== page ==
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At Rill Architects we run ArchiCAD on Mac OS X. If you work at Rill, this is your stuff. If you don't, but you work in ArchiCAD, you may find something interesting. Anybody else, I don't know.
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Searched for "sheets"

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• What Shows. Full height walls. Counters, appliances, and plumbing fixtures. Stairs, decks, driveways, floor finish fills. Stair and deck railings. Most roofs. Overhead elements including beams, ceiling lines, and roof overhangs. Room names, preferably in the form of zone stamps. Dimensions. Centerline markers. Names of cabinetry elements ('Bench'). Floor elevations. Markers for sections, elevations, interior elevations, plan enlargements,
Most of the advice about sections and elevations applies to interior elevations as well. We do interior elevations because the larger scale lets us show more information. Some of this information is already in the model and the scale change reveals it. Some of it is fine modeling that doesn't need to be done until you start the interiors.
The big difference between a building section and a wall section, besides the scale itself, is that the wall section has much more fine detail. The additional detail of a wall section comes from (some) scale-sensitive model elements, along with 2D geometry and annotation placed in/around the modeled section. That's right, drawing. But this kind of drawing doesn't leave
What shows: Walls, stairs, counters, decks, appliances and mechanical equipment, and all electrical symbols.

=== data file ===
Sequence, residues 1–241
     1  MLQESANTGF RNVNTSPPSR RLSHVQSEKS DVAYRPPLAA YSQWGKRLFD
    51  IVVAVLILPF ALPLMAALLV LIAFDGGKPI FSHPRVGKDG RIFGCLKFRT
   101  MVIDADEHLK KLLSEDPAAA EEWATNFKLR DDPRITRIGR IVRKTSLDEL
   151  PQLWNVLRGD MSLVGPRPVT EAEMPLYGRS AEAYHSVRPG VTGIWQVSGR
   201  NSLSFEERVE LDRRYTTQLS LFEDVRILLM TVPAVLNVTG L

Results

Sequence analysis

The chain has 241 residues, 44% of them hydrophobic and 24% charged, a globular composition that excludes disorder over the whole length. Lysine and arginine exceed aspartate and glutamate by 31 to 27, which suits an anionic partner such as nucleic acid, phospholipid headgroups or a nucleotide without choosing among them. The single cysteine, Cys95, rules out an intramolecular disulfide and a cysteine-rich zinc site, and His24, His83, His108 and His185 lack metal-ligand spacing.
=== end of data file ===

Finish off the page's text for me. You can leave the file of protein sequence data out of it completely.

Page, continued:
Things on the cover sheet and where they come from. First of all, the cover sheets have their own master layouts, C Cover, D Cover, and E Cover. The 'data zone' at the bottom of the sheet is proportioned differently for each sheet. This way, if you need to change the sheet size, you just change the master and
The distinctive feature of the detail sheet is the grid. The grid encourages us to think about how details align, and forces us to be economical with the space we have for annotaions. And it looks better, and it's standard practice. The grid deployment has two parts: The Grid Cell object, and the 'Detail' master layouts. You should always
• What Shows. Roofs on the A Roof2 layers. Gutters (on F Gutter). Top elements of chimneys on A Fireplace or A Roof2. Notes on +A Arch Note Reg Scale. +A Misc Line. The roof plan uses the same layer combination for output as the rest of the plans, A1 Floor+Roof Plan. Roof elements will be placed on the
Everything I can think of about sections and elevations. Updated for AC10.
Everything in the general framing plan discussion also applies to roof framing plans. There's a few special considerations: • The roof framing plan should usually be generated from the top occupied story, not the roof story. For most projects, this is either the attic or the second floor. In the past, we have used the roof story, but not
Rules for framing plans. Foundation plans are slightly different. Roof framing plans are very similar. I'll have a separate note for them. I wonder what the difference between 'slightly different' and 'very similar' is. • Walls. Display of walls is controlled by Display Options. The 'Cut Fills' option should be set to 'Separators Only'. The walls will be clear,
The foundation plan shows the foundation walls, footings, slabs, and related annotations. Everything that touches the ground. It can be combined with the first floor framing, but an independent foundation plan can give more information with less clutter. The layers, layer combination, and views required are included in the templates. • What Shows. • All plan walls, A Wall